“Blocking shots is hard, but committing to a mullet is a different thing,” said Duley, shrugging off the suggestion it takes courage to sport the short-in-front, long-in-back hairdo.
“It makes you faster out there.”
Elsewhere in the crazy Kootenay International Junior Hockey Leauge, there’s this Nelson Star story and photo, I think by Andrea Klassen (?), about a crazy end to a recent game between Nelson and Castlegar:
“I looked at the ref before I even shot the puck, and I’m like, ‘how hasn’t he blown the whistle?’” a bemused Moir told the Star following the game. “The goalie’s behind the net without his helmet, just swarmed. I shot the puck anyway. It’s probably the greasiest goal I’ve ever scored in my life.”
By the time play resumed a smattering of Castlegar fans were climbing the glass at the Nelson and District Community Complex and screaming from the stands, while a water bottle went sailing from the Rebel bench.
Meanwhile, a terrific helmet-cam video (from YouTube) of a bobsled run down city streets is attached to the Rossland News’ story on the annual race, which was attended by Rick Mercer last year. Watch the video, it’s insane.
In the Castlegar News: a mother whose 11-year-old son *Cole (*CORRECTED) “suffered a life-altering spinal cord injury while skiing” leaving him paralyzed from the waist down — at least for now — writes a long and touching letter about her child’s recover and future. Making things more difficult is the fact that *Cole’s parents are separated meaning that there are two houses that need to be made wheelchair accessible. I wonder how often that happens, or how a paralysis affects families that have already split up. I don’t know how you’d get access to someone to write that feature, though…
Will someone write a column about the thousands of dollars ICBC is spending on all those bloody Vicky Gabereau advertisements? They’re fucking everywhere.
Finally, from the better-late-than never files: last week Prince George Free Press editor Bill Phillips wrote on his blog that the competing Citizen failed to sufficiently correct a wrong Page 1 story last week.
Monday’s banner story in the Citizen says the college board is “vowing to keep” the aboriginal programs. Nowhere in the story does it mention that they got it wrong on Saturday. To top it off, there is a small correction on page two that simply states their page one story on Saturday contained incorrect information … without offering any corrected information.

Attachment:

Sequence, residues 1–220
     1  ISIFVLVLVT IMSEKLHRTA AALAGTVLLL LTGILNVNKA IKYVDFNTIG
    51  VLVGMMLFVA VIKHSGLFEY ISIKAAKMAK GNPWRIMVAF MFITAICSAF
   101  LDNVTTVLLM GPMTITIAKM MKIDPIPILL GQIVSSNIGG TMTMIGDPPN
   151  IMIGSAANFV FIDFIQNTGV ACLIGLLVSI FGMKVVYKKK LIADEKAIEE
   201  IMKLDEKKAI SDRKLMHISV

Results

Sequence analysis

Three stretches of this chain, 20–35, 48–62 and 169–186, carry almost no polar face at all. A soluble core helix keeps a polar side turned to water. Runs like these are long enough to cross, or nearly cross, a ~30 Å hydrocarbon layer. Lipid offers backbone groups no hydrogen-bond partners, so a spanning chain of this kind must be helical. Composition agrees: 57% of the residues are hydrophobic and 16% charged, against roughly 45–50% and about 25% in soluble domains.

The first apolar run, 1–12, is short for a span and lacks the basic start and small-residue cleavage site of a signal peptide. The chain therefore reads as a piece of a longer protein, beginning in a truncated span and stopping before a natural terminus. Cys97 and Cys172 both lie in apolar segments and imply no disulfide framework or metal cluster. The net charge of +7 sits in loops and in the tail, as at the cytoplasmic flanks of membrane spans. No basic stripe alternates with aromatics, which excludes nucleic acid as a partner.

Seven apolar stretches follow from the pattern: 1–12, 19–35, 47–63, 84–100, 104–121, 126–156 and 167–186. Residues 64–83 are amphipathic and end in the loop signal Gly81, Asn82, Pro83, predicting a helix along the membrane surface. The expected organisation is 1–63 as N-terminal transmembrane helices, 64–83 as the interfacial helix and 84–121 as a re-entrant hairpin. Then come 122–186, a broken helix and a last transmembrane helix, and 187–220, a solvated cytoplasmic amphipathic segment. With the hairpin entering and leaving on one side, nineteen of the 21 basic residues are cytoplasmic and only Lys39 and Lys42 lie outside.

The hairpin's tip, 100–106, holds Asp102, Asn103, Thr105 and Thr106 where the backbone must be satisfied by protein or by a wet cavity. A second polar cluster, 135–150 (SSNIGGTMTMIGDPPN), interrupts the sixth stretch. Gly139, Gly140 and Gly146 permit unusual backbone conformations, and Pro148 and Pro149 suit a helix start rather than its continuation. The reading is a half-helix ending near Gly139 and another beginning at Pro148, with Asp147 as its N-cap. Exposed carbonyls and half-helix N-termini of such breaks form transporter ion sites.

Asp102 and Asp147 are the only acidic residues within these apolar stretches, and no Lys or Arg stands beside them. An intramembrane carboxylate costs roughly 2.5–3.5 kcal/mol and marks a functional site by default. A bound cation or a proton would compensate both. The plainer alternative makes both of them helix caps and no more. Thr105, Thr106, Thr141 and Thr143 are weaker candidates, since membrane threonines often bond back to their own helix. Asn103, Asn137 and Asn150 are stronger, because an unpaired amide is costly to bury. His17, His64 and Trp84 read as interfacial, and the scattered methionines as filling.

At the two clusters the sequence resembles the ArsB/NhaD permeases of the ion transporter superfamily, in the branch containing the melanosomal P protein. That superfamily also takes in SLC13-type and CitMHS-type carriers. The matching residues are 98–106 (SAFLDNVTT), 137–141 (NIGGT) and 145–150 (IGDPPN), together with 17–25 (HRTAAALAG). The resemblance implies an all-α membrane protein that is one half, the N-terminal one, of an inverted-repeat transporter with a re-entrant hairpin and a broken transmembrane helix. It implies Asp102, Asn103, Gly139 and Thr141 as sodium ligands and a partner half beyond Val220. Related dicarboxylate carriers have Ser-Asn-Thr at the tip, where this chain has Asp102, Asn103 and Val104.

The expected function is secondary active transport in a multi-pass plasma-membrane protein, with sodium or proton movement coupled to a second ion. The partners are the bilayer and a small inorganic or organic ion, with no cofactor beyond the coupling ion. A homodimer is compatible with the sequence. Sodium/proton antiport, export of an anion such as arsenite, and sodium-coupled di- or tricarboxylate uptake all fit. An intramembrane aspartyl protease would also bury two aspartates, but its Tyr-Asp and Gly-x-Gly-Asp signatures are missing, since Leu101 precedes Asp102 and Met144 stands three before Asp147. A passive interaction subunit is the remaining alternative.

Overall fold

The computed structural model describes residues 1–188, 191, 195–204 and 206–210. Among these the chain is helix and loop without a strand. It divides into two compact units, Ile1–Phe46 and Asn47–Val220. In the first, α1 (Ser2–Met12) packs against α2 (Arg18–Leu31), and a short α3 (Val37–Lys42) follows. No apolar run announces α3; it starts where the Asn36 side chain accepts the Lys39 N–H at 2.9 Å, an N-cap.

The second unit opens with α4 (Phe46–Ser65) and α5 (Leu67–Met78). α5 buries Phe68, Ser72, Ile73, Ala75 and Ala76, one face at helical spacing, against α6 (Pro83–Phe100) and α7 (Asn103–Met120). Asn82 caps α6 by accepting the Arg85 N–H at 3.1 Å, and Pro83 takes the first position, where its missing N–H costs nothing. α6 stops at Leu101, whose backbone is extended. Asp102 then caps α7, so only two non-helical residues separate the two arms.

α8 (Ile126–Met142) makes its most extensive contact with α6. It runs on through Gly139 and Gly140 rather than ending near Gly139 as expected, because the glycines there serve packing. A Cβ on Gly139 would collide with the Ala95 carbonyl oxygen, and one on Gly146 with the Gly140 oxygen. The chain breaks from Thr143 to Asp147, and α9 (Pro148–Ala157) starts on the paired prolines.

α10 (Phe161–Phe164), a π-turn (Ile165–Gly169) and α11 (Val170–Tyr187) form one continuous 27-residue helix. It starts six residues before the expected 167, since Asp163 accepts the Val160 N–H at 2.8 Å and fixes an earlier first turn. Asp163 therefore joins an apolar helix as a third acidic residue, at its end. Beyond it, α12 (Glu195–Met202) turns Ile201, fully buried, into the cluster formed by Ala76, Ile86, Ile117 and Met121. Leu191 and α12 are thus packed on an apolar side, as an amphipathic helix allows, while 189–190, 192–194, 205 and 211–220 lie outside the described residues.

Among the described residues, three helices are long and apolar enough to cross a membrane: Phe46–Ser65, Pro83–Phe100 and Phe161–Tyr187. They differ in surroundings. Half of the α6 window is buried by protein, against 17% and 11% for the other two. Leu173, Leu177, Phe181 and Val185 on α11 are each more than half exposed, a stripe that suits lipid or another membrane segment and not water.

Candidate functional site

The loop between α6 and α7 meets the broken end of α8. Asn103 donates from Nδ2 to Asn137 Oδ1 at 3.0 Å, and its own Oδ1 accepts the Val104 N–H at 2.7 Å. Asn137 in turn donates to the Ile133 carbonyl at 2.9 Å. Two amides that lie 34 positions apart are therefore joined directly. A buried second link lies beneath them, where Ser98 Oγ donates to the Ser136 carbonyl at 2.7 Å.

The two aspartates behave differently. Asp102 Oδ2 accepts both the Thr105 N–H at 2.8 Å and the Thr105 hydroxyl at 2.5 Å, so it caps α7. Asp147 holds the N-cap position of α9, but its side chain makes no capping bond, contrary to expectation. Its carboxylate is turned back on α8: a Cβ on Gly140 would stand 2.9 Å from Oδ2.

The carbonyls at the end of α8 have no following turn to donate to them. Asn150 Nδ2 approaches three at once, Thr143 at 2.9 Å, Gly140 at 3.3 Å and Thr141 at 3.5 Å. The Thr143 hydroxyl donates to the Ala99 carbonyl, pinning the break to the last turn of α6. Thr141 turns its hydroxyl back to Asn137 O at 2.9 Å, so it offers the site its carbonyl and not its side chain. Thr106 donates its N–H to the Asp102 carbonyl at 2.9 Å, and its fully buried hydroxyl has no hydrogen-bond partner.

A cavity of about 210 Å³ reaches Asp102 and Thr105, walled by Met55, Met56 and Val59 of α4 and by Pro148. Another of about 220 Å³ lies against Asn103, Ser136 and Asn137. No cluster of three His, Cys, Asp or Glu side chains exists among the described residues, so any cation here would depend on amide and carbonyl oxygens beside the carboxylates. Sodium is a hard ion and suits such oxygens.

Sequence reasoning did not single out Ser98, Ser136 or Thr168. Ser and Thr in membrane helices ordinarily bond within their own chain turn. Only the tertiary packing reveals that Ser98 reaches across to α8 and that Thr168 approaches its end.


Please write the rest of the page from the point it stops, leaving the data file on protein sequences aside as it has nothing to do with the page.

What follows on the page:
As mentioned above, the measure of a newspaper is in how it handles its own mistakes. I rest my case.
Farewell to Trail Daily Times reporter Ray Masleck, who has retired after 30 years and one month after arriving in town. He writes, in his farewell column headlined “I wasn’t planning to stay – honest“:
I rolled off the bus in Castlegar in the middle of a cold, clear night, 30 years ago last month.
Apparently, the place with the simple but odd-sounding name where I was headed was so obscure the Greyhound didn’t even stop there. The driver said a van would be along shortly to take me the rest of the way.
Rumbling down the river valley in the jitney (an Eastern word I would soon have to ditch, along with my barret and poofy-Montreal shoulder bag) I wondered what Trail – that dot on the map south of Field and west of Yahk – would be like. Then I arrived in a place that seemed to consist entirely of belching smoke stacks lit up by orange arc lights that extinguished the stars.
I didn’t know that it was possible to retire at 54 as a journalist, but somehow Ray found a way to do it. Perhaps it has something to do with his degree in business and economics. I don’t know, either way, congratulations. A short news article, and photo, on Ray’s retirement can be found here.
Masleck said he has lots of interests to keep him busy in retirement including golf, skiing, serving on several volunteer boards, and reading.